>The only problem with this is that the count seems off by 1

            Possibly a Null Order_ID aggregated from other "Type" records.

            Try: SELECT COUNT( order id) AS DistinctCount FROM (SELECT DISTINCT order _id FROM History WHERE [type] = 'Order')

            Comment


            • #7
              I understand what you mean that DISTINCT is a modifier of SELECT, but I have seen it in other documentation as a qualifier in COUNT()
              Code:
              COUNT(DISTINCT expr,[expr...])
              I have not been able to find good help info on Excel ODBC syntax. Instead, the internet is abundant in other SQL variations, and I've seen a lot of COUNT() explanations that show DISTINCT inside the parens. I have to test everything I see in order to validate it...


              Table name ends with $:
              From SQL Tools help, Appendix M (Excel):
              When accessed through SQL Tools, Table Names will usually have a $ suffix.
              SQ1 as alias:
              Good to know. I'll have to read the SQL Tools documentation to see if that's supported.

              Off by 1:
              yes, by adding the WHERE clause, the number came back correct. There must be a record with an 'order id' but with a type that's not 'Order'.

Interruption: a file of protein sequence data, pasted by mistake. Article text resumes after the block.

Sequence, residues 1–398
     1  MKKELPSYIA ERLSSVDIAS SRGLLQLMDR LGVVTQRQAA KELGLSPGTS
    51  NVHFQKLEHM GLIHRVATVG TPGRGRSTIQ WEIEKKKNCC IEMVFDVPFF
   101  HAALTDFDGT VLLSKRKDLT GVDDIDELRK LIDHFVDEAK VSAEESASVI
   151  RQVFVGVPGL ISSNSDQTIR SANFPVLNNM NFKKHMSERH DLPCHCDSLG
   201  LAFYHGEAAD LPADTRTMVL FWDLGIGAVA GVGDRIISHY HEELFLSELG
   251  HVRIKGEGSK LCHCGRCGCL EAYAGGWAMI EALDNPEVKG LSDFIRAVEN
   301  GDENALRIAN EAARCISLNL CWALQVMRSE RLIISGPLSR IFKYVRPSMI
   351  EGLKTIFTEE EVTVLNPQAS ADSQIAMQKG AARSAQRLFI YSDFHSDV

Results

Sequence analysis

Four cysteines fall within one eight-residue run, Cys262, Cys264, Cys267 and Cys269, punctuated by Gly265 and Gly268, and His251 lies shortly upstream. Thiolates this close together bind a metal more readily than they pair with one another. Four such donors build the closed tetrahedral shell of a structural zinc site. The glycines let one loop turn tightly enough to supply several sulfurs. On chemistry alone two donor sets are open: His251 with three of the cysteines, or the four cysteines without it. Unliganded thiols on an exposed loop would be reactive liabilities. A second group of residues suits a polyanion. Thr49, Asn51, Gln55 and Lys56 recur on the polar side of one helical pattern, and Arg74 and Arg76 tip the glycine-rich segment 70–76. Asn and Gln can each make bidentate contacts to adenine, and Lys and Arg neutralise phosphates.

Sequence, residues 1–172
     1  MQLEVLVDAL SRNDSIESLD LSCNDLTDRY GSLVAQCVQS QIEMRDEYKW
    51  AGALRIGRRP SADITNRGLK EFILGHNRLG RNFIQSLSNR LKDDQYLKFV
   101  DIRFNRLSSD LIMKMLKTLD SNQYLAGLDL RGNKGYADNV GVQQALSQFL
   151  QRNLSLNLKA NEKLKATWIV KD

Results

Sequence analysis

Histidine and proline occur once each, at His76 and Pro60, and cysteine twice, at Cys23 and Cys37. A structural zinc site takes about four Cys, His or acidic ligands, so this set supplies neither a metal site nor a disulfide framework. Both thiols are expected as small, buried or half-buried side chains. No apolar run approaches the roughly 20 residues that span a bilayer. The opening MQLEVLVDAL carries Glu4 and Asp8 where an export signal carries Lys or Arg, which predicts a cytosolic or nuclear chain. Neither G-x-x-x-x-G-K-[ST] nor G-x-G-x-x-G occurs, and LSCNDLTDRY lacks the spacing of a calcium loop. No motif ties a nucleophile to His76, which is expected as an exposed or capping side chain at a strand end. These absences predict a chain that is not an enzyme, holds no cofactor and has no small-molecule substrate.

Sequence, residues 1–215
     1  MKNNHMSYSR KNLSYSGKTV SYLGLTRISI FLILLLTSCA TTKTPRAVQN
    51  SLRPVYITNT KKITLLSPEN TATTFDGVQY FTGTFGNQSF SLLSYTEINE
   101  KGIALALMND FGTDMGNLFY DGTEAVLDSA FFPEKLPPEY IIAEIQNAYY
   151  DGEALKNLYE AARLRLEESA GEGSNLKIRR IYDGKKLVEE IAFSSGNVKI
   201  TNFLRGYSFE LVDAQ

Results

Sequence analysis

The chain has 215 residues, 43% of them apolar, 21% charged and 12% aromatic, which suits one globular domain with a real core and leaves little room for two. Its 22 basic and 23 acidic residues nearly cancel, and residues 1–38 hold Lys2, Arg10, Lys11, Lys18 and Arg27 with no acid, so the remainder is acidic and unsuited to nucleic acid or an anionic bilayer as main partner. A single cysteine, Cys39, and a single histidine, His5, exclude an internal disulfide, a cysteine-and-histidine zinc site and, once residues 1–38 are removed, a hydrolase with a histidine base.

What SQL toolset do you use from within your PB code? Or, is this only about the syntax supported by the Excel ODBC driver?
              -John

              Comment


              • #8
                Originally posted by John Montenigro View Post
                I understand what you mean that DISTINCT is a modifier of SELECT, but I have seen it in other documentation as a qualifier in COUNT()
                Code:
                COUNT(DISTINCT expr,[expr...])
                I stand corrected. I've never used it with an aggregate function. Thanks for that - I'm going to add it to my repetoire


                Comment


                • #9
                  Originally posted by John Montenigro View Post

                  Table name ends with $:
                  From SQL Tools help, Appendix M (Excel):
                  I must admit, I've never really worked with SQLTools and Excel so haven't read Appendix M (I'll put it on my Todo list). I primarily work with Access, SQL Server, SQLite and mySQL databases..

                  Comment


                  • #10
                    Originally posted by John Montenigro View Post

                    Off by 1:
                    yes, by adding the WHERE clause, the number came back correct. There must be a record with an 'order id' but with a type that's not 'Order'.
                    Not necessarily, you were probably picking up and aggregating all the NUL "order_id"s from "non-orders". If there were a record with an order_id but not of type "Order", I'd expect you to be out by 2 (unless it was a duplicate of a real order_id).